Real-time utility home area network deployed


Dallas, TX, U.S.A. — (METERING.COM) — January 24, 2008 – Texas-based Oncor Electric Delivery Company has deployed the nation’s first high-speed utility home area network (HAN) using programmable communicating thermostats (PCTs) and load control switches communicating over a smart grid. The system, supplied by CURRENT Group, LLC, communicates demand response requests and other critical information from the utility to the customer and verifies the results of the requests, all in real-time.

This solution will be used initially by retail electric providers Direct Energy, Reliant Energy and TXU Energy as part of a joint collaborative effort by the Center for the Commercialization of Electric Technologies (CCET) to bring innovative technologies to Texas.

"The CURRENT Smart Grid™ solution allows consumers to participate in programs designed to reduce the cost or environmental impact of electric usage and for the utility to verify in real-time that usage has actually declined, thus allowing the use of less generation with the resulting reduction in emissions," said Tom Casey, Chief Executive Officer of CURRENT. "These capabilities, along with our announcement on underground cable fault detection, show how the CURRENT Smart Grid solution is solving real problems of utilities that are not solved by AMI systems."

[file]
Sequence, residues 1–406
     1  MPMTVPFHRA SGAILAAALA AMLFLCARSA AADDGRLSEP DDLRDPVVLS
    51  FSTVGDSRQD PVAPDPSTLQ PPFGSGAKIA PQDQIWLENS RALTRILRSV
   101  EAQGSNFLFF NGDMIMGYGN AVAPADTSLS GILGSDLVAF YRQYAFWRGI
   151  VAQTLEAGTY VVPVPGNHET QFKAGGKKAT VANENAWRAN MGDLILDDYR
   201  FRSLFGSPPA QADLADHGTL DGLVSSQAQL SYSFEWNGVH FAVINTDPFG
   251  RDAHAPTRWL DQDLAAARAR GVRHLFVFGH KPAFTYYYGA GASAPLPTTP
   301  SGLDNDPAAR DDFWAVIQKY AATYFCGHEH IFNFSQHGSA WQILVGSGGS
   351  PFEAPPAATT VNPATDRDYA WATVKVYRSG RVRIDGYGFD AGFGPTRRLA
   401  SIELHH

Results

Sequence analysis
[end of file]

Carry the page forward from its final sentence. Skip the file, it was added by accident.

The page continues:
Real-time load control has the greatest value of any type of demand response, especially in unexpectedly tight market conditions, according to a 2007 Brattle Group report. Using data from a heat wave in the Mid-Atlantic market, PJM Interconnection, a regional transmission organization in that region, estimated that use of real-time curtailment of power would save more than $650 million in energy cost over just one week.

CURRENT’s system uses a high-speed broadband over power line (BPL) network to communicate from the utility control center into the home to PCTs and load control switches from CURRENT’s partner, Corporate Systems Engineering, as well as to any other Internet based devices such as computers or in-home displays.

With a customer’s permission, the temperature at the thermostat can be adjusted automatically from the utility control center during periods of high electricity demand. In the future, appliances and other devices will be enabled to respond automatically to energy savings commands. Demand response strategies can also be targeted at the individual substation, feeder or even transformer to lower load when distribution equipment problems are detected, allowing utilities to identify equipment issues and be able to reduce load to prevent outages while dispatching crews to fix the problem.